Where To Start With... Beck
For the best part of 30 years now, Beck Hansen – better known to most simply as Beck – has been a unique presence on the global music scene. Often broadly defined as 'alternative rock' in the early years of his career, Beck has always been a difficult artist to classify, his music incorporating almost every style you could name in a collage of samples and live performances.
His first couple of albums were low-key, lo-fi affairs released on small indie labels but when his song 'Loser' began to get airplay in the U.S., his talents were brought to the attention of David Geffen, whose record label signed him up and released his major label debut Mellow Gold.
While he was initially pigeonholed as one of the key players in the 'slacker' movement of the mid-1990s that included the likes of Dinosaur Jr. and other figures such as the filmmakers Richard Linklater and Kevin Smith, his output over the last couple of decades has shown Beck to be something of a chameleon, shifting styles from one record to the next while still managing to create a sound all of his own.
In addition to the work released under his own name, Beck has also worked as a producer for the likes of Charlotte Gainsbourg and former Pavement frontman Stephen Malkmus, as well working on collaborations with a broad range of artists from Childish Gambino to Philip Glass.
His last two albums, 2014's Morning Phase and 2017's Colors, could scarcely have been further apart in terms of both style and substance, but both scooped up their share of Grammy awards, the former being named Album of the Year while the latter was awarded Best Alternative Music Album and Best Engineered Album. In the case of Colors, at least some of the credit for that recognition should go to producer Greg Kurstin, with whom Beck struck up a winning partnership to create an album much more immediate and accessible than its predecessor.
Its follow-up, Hyperspace, arrives in stores today and while Kurstin does make a contribution on album deep cut 'See Through', for the most part Hyperspace has been the result of working with another high-profile producer, Pharrell Williams. Their collaboration initially came about when Williams asked Beck to contribute to the last N.E.R.D. album and although their original plan, according to Beck, was only to work together on “a single or an EP”, their partnership soon proved to be fruitful enough to produce a whole album's worth of material.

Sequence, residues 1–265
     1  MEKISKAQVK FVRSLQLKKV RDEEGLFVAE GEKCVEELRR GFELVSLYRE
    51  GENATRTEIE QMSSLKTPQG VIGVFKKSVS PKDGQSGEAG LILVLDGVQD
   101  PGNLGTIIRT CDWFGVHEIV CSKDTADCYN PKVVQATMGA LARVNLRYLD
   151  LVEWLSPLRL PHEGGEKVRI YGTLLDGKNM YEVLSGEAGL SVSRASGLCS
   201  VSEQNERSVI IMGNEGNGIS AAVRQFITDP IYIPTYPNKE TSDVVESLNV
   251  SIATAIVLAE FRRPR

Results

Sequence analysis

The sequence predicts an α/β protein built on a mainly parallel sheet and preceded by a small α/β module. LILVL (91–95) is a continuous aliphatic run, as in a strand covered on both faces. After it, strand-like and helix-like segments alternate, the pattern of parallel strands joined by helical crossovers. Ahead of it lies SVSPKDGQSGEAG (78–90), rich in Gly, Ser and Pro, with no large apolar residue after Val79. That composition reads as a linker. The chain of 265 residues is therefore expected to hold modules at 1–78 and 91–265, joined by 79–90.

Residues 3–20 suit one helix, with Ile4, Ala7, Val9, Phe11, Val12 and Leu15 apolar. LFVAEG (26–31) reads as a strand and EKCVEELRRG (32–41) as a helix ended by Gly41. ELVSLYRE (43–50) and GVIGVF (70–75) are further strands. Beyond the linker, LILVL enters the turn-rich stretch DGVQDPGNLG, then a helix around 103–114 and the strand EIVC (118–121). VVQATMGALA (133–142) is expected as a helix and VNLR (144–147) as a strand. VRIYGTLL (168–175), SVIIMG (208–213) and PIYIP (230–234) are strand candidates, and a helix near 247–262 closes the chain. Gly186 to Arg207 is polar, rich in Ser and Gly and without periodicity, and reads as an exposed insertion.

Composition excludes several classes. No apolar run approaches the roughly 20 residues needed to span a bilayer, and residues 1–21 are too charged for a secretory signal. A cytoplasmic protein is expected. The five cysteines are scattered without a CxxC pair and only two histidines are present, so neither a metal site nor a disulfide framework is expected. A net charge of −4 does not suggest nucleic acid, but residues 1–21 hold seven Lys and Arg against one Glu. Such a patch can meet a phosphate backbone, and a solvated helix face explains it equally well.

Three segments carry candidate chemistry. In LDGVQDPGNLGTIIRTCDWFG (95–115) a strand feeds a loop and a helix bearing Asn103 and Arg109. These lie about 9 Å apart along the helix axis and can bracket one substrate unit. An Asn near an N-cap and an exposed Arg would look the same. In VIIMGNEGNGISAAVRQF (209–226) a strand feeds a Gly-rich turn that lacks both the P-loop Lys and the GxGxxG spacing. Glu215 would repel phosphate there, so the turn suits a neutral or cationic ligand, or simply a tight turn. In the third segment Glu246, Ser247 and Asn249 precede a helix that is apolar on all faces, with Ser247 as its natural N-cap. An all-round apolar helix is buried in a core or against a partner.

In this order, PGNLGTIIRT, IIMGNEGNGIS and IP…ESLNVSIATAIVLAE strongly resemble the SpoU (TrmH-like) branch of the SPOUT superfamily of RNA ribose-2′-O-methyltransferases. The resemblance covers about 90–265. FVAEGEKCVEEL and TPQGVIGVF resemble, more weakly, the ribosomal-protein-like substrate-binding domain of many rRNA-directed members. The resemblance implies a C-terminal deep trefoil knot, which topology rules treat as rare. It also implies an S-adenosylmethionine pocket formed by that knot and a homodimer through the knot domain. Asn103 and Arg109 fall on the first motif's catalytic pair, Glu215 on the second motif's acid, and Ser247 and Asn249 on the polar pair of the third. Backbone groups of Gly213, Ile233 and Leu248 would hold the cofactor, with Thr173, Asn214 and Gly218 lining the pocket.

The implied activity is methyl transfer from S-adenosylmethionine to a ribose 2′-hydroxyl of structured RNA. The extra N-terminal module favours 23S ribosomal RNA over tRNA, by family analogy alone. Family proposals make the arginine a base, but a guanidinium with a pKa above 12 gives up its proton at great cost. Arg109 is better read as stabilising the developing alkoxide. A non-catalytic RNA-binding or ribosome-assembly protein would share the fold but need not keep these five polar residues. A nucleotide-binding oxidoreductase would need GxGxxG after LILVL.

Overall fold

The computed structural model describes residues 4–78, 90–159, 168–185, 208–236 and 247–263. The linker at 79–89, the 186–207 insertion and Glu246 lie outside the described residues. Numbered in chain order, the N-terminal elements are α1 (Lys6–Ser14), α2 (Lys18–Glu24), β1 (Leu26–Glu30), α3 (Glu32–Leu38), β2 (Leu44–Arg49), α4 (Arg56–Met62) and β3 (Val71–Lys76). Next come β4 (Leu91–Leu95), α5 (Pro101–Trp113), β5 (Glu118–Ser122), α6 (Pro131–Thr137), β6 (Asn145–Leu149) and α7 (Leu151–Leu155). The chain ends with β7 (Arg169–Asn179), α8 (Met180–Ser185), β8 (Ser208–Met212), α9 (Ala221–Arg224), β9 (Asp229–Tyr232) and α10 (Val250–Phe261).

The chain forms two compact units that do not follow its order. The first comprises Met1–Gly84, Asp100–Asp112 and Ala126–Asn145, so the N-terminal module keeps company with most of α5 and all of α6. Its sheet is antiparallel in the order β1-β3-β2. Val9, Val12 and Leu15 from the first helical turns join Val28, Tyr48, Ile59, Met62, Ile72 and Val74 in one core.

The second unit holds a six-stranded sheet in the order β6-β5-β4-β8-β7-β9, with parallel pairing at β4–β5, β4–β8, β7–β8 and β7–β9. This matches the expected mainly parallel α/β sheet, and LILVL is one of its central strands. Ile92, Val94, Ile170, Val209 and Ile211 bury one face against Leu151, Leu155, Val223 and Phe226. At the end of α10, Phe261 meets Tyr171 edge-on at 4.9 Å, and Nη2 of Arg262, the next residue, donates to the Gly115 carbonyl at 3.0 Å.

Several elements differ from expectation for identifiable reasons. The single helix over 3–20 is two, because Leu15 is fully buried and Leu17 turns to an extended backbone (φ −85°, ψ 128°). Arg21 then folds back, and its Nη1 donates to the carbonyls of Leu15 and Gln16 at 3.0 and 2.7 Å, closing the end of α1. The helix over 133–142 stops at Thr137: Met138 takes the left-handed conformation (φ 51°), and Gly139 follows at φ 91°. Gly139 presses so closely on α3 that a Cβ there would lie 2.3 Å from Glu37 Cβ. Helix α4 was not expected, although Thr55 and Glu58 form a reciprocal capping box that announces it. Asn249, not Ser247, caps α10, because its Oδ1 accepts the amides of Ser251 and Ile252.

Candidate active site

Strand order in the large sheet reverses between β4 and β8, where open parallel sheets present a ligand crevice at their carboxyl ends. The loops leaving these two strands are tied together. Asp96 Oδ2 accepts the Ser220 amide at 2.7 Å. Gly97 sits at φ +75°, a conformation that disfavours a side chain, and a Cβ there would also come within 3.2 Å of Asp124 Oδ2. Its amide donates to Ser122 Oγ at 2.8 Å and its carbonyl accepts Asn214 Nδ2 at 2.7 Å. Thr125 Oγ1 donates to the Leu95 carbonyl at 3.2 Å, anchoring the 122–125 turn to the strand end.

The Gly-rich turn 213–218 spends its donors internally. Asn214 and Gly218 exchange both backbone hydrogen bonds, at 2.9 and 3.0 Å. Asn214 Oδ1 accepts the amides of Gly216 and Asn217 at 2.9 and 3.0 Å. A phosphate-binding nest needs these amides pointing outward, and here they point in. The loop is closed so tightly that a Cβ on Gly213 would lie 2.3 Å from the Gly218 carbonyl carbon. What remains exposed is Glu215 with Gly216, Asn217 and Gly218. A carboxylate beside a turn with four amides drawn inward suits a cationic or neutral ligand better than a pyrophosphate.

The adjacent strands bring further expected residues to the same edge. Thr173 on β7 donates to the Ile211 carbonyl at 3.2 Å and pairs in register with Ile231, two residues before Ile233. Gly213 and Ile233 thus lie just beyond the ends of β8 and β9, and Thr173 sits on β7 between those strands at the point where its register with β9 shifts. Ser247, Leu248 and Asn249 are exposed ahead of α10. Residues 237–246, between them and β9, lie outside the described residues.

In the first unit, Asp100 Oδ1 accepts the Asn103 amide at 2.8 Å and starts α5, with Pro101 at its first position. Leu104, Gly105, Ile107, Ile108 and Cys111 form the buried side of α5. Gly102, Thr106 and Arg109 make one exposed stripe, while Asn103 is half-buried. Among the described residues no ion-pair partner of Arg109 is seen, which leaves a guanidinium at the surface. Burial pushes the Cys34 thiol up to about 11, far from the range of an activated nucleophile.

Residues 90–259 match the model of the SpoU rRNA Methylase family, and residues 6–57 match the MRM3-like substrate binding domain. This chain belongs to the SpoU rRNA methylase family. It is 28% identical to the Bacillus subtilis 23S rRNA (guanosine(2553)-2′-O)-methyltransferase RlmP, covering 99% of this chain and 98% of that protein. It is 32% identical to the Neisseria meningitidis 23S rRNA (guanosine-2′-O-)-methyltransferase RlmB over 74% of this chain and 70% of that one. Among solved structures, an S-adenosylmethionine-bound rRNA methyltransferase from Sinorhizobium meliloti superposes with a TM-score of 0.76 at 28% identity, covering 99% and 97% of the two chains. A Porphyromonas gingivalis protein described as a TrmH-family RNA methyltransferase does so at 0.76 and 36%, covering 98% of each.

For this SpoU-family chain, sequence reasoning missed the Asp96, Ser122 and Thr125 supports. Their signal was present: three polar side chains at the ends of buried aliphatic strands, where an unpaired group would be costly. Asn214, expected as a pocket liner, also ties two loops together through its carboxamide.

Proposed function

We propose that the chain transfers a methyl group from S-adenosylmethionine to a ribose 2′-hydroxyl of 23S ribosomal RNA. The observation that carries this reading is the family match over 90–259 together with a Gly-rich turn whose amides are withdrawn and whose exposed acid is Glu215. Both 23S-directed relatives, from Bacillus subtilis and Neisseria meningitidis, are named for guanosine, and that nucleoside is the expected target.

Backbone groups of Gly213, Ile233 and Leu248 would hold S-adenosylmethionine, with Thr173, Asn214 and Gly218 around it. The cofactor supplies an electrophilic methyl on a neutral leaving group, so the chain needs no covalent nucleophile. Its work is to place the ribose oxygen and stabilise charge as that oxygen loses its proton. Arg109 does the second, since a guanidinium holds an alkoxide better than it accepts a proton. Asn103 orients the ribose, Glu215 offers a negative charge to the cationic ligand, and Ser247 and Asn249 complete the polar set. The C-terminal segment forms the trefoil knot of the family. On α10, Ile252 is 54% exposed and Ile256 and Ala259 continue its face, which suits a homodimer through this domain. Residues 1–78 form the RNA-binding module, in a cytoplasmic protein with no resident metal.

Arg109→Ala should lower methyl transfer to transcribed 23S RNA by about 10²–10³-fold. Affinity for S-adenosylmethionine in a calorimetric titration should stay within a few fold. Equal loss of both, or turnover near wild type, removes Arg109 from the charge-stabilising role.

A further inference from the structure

Other contributors to Beck's latest album include Sky Ferreira, who appears on 'Die Waiting', and Terrell Hines, who pops up on the album's title track.
You can find the video for recent single 'Uneventful Days', directed by Dev Hynes, below – beneath that we've picked out five key tracks from Beck's career so far to get you in the mood...
Initially deemed ‘mediocre’ by the artist and initially pressed only on a limited vinyl run of 500 copies on its first release, ‘Loser’ began picking up some unexpected airplay in the U.S. and before long its “why don’t you kill me” hook had propelled Beck to alt-rock hero status. Much to the artist’s distaste, the song saw him labelled the ‘face of the slacker generation’, but 'Loser' nevertheless became the hit that set Beck’s career in motion and led to a deal with Geffen, who would later re-release the song and his major label debut, Mellow Gold.
'Where It's At'
Beck wanted to take a different approach to his next album for Geffen after Mellow Gold, enlisting the production skills of The Dust Brothers, largely as a result of their work on The Beastie Boys’ Paul’s Boutique. Odelay became Beck’s breakthrough album, selling over two million copies in the U.S. alone and earning him a couple of Grammy awards in the process. One of those was for Best Male Rock Vocal Performance for ‘Where It’s At’, one of the album’s highlights.
One of the highlights from Sea Change, ‘Paper Tiger’ features some of the album’s most starkly heartbreaking lyrics and shows a new, more emotive side to his songwriting for the first time on what might be his most personal record.
Taken from 2005’s Guero, an album that saw him hooking up with The Dust Brothers for the first time since Odelay, Beck is back to his riff-grinding best with this anthem that bagged Beck his first No.1 since ‘Loser’ and reaffirmed his status as an artist with real longevity.
Our final pick is taken from Beck's most recent album Colors, which saw him team up with producer Greg Kurstin in what must rank as one of his most productive partnerships to date. Arguably one of the most upbeat, pop-oriented tracks Beck has ever released, 'Dreams' is one of the album's real highlights and possibly his most infectious song in years.
Hyperspace is available in stores now – you can also find it here in our online store.